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Virginia Tech researchers: As rain and temperatures increase, so will costs to mitigate pollution

April 7, 2017

Zach Easton Zach Easton (left) explains a bioreactor
Zach Easton (left) explains how a bioreactor can help curb pollution in the Cheaspeake Bay watershed.

Costs to reduce pollution will increase with climate change, according to researchers in the Virginia Tech College of Agriculture and Life Sciences.

A multi-institutional study led by the university was part of a broader National Science Foundation grant-funded project designed to examine pollution from both urban and agricultural sources.

With Chesapeake Bay watershed partner states under pressure by the Environmental Protection Agency to improve water quality by 2025, results from this study provide a compelling argument for watershed states to front-load best management practices as a cost-effective way to achieve their water-quality goals.

“The health of the Chesapeake Bay is vital for so many industries, fields, and people,” said Zachary Easton, lead project investigator and Virginia Tech associate professor of biological systems engineering. “That’s why a project like this is so intriguing. You’ve got researchers from multiple fields and multiple universities coming together saying, ‘This is important, and this is why’.”

Climate projections forecast a rise in temperatures and precipitation that would lead to an uptick in nutrient-rich runoff into Chesapeake Bay tributaries. Uncontrolled nutrient-rich runoff could have detrimental effects on the bay’s ecosystem, encouraging excess algae growth and stifling aquatic life in the long-term.

Teaming up with researchers from Penn State and the University of Maryland, Virginia Tech professors and graduate students conducted the urban leg of the project by analyzing the Difficult Run watershed, located in Fairfax County, Virginia.

“The Difficult Run watershed was selected as a representative of other urban watersheds in the Eastern U.S.,” said co-investigator Darrell Bosch, a professor in the Department of Agricultural and Applied Economics. “And our economic models, which accounted for weather uncertainty, showed that costs of meeting water-quality goals in Difficult Run increase under climate change.”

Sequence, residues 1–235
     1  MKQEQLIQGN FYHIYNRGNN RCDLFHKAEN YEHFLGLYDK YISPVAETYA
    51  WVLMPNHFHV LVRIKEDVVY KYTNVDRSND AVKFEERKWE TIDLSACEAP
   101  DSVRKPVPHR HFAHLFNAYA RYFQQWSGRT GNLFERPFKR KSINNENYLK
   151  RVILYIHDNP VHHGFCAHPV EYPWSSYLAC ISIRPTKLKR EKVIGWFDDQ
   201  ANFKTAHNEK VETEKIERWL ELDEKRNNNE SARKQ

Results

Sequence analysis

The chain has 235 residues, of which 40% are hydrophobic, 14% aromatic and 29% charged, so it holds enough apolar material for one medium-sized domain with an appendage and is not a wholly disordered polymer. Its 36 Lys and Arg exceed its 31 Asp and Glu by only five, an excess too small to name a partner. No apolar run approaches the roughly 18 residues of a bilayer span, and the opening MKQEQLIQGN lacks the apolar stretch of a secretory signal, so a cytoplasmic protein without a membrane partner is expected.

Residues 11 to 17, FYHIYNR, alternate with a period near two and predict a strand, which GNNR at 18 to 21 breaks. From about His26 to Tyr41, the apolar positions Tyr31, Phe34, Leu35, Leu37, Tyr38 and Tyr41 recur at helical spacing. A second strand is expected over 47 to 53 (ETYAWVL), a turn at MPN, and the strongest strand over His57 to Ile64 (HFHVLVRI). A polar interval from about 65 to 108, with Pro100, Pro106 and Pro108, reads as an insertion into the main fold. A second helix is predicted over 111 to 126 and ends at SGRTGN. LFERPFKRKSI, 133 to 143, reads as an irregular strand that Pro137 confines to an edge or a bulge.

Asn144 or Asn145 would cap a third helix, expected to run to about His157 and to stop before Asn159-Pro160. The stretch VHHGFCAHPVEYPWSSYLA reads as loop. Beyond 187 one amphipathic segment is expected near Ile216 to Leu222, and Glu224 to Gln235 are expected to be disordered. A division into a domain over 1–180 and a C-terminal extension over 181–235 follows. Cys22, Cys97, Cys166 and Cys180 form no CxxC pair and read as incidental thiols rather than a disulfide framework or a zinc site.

The Difficult Run project examined these effects from not only an economic standpoint, but also in terms of hydrology and biogeochemistry with respect to current and predicted climate change.

“Other studies have measured nutrient levels in the bay and analyzed the effects of best management practices,” said Easton, who is in both the College of Agriculture and Life Sciences and the College of Engineering. “But our project is unique in that it takes climate change into account.”

The crossdisciplinary study utilized meteorological data provided by Penn State Professor Raymond Najjar and his students to develop hydrological and economic models that compared current conditions to predicted conditions under climate change.

Nasrin Alamdari, of Tehran, Iran, a Virginia Tech doctoral student studying biological systems engineering, simulated current and predicted future nutrient loads in the Difficult Run watershed given the weather data. Jonathon Giuffria, of Long Beach, Mississippi, an Environmental Protection Agency economist who was a Virginia Tech master’s student in applied economics at the time of the study, simultaneously led the team in creating the economic model.

“While our results favored specific management practices, part of our recommendation to policymakers is to implement more and varied practices now to account for greater nutrient loads and loading variability expected in the future,” said Giuffria. “By addressing these changes early, policymakers can craft a plan to utilize multiple practices that will ultimately save municipalities the most money over the long run.”

This research comes just months before partner states must reveal their implementation plans to meet their 2025 goals to the EPA.

“There are clear gains to be had from taking climate change into account,” said Bosch. “And it’s in the states’ best interest to choose the most cost-effective water-quality control practices. If we could build software that takes these factors into account, and make it work for all nonpoint sources, we would have a really powerful tool for discerning the best implementation strategies for all jurisdictions.”

With the impending deadline, the Chesapeake Bay Research Consortium, in conjunction with the Chesapeake Bay Program, is searching for ways to utilize this tool on a broader scale, making it applicable for watersheds throughout partner states and accessible to all municipalities.

Software or no software, by January 2018 all partner states will have to give an account of their progress and their plans for meeting 2025 water quality goals. The concern is,  how far will they have come?

Written by Jillian Broadwell

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